The Investing News Network looks at major events, announcements and developments in the battery metals space in September.
September was another interesting month for battery metals, which have been hurt by negative sentiment and falling prices so far in 2019.
Earlier this year, the London Metal Exchange (LME) announced plans to ban metal tainted by human rights abuses in 2022, including cobalt, but in September sources told Reuters that the exchange could postpone the deadline by three years, giving producers more time to comply with guidelines and allowing the exchange to rethink its approach.
The proposed rules would see all LME brands go through a red flag assessment, to be based on guidance from the Organization for Economic Co-operation and Development.
“This supply agreement will support LG Chem in meeting the growing demand for rechargeable lithium-ion batteries as car manufacturers are expanding their offering of longer-range electric vehicle models in several regions,” Umicore said in a press release.
In May, Umicore signed a long-term deal with Glencore (LSE:GLEN,OTC Pink:GLCNF) for cobalt supply from the mining giant’s operations in the Democratic Republic of Congo, which Umicore said at the time meets the company’s responsible sourcing standards.
Last month, LME cobalt continued to trend higher, reaching a high of US$37,000 per tonne. The recovery started in August after Glencore announced its Mutanda mine will close at the end of the year.
Looking over to what happened in the lithium space, top producer SQM (NYSE:SQM) said it is set to invest US$1.33 billion into its operations in Chile and Australia in the next five years, as the miner remains optimistic about the outlook for the battery metal. Despite the current market environment, which has seen prices decline from the highs seen in 2017 and 2018, Chile’s SQM forecasts solid demand for lithium in the coming years.
“The fundamentals support a vision of significant growth in the coming years,” said SQM Senior Vice President Pablo Altamiras.
Meanwhile, Chinese producer Tianqi (SZSE:002466) has put its expansion plans for its lithium hydroxide plant in Western Australia on hold to focus on steady production. Tianqi launched production at its Kwinana chemical facility early in September, with ramp up estimated to take 12 to 18 months.
“All of our focus for the coming months is on getting Stage 1 into steady production and all resources have been channeled toward this,” said Tianqi General Manager Phil Thick in a statement. “Once we have achieved this, we will return our focus to completion of Stage 2 as customer demand continues to build.”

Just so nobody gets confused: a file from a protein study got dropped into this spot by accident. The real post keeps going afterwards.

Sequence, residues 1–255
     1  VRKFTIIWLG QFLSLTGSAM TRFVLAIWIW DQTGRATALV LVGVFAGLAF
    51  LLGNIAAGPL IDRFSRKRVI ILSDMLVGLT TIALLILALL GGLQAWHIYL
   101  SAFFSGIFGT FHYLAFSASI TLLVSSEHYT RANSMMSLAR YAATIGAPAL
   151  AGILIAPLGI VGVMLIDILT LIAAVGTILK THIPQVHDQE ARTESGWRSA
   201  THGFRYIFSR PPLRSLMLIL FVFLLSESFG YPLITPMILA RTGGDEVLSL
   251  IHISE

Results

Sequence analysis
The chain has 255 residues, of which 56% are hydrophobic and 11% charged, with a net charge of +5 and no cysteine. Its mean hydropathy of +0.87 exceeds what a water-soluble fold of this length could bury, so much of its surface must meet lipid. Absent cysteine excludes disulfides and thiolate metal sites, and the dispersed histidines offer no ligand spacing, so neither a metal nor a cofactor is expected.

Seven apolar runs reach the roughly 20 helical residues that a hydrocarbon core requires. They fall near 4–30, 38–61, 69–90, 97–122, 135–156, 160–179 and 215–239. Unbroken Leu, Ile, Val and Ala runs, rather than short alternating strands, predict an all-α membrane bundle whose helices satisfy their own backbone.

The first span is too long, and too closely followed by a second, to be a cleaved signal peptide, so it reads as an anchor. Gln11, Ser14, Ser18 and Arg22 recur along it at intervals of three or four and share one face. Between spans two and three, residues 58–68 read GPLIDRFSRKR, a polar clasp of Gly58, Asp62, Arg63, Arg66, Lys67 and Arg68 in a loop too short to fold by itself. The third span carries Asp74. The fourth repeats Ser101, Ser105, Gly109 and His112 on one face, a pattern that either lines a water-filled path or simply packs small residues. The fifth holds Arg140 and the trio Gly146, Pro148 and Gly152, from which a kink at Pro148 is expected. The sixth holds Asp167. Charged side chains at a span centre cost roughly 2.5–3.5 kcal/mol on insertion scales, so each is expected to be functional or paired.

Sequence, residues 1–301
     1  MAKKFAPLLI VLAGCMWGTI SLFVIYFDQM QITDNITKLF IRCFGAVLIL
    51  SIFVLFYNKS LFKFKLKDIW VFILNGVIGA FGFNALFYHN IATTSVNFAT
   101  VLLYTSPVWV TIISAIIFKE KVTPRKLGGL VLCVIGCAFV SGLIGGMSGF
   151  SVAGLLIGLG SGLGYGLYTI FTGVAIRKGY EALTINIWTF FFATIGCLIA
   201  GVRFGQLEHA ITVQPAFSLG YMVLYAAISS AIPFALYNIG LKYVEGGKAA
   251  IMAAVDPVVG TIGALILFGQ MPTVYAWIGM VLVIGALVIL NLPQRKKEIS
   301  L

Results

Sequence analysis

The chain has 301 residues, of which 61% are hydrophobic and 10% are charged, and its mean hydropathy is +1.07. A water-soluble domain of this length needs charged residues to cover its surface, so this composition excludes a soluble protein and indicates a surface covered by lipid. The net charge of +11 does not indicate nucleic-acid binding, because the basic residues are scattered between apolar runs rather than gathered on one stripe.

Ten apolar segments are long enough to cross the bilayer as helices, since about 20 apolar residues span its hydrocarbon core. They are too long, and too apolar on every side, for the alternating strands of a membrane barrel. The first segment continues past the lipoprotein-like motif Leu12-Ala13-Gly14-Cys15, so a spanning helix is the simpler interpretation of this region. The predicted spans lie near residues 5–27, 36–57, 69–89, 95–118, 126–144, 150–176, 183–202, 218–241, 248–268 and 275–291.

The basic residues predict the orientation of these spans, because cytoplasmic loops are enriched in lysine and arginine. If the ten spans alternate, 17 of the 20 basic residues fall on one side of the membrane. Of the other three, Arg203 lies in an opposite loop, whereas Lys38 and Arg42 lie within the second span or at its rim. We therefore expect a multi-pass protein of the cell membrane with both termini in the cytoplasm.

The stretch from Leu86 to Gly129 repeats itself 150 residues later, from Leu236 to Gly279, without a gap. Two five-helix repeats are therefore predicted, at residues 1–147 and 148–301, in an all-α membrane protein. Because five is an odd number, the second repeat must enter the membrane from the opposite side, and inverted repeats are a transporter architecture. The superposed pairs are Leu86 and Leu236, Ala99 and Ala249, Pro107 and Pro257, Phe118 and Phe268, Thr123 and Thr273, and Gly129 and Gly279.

In September, China’s largest electric vehicle battery maker announced plans to buy an 8.5 percent stake in Australian lithium miner Pilbara Minerals (ASX:PLS,OTC Pink:PILBF) for AU$55 million. The strategic investment from CATL (SZSE:300750) is part of Pilbara Minerals’ fundraising efforts to further develop its Pilgangoora lithium-tantalum project in Western Australia. The company is looking to raise a total of AU$91.5 million.
“The strategic relationship combines Pilbara Minerals’ expertise in mining, development and upstream spodumene production with CATL’s expertise in downstream processing and its strong customer relationships with electric vehicle manufacturers,” Pilbara Minerals Managing Director Ken Brinsden said.
Looking over to North America, Nemaska Lithium (TSX:NMX,OTCQX:NMKEF) is facing another financing challenge after announcing US$350 million in bonds will be repaid due to a delay in construction at its Whabouchi mine. The bonds were part of Nemaska’s C$1.1 billion financing efforts last year to develop its project in Quebec, with mine construction originally set to be completed in October 2019.
“We have solid relationships with our strategic partners and stakeholders and are confident that we should be able to put everything in place to successfully complete the construction and commissioning of the project as expected,” Nemaska Lithium President and CEO Guy Bourassa said.
Meanwhile, lithium junior E3 Metals (TSXV:ETMC,OTC Pink:EEMMF) joined forces with top producer Livent (NYSE:LTHM) to develop a direct lithium extraction process. Livent will contribute up to US$5.5 million and its technical expertise to develop a process to produce battery-quality lithium products from E3’s petrolithium brines in Alberta.
“There are few companies in the world that have the lithium production expertise Livent possesses. We believe this collaboration will accelerate the advancement of the innovative technology we have developed to date,” said E3 Metals President and CEO Chris Doornbos.
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Securities Disclosure: I, Priscila Barrera, hold no direct investment interest in any company mentioned in this article.
Editorial Disclosure: Nemaska Lithium and E3 Metals are clients of the Investing News Network. This article is not paid-for content.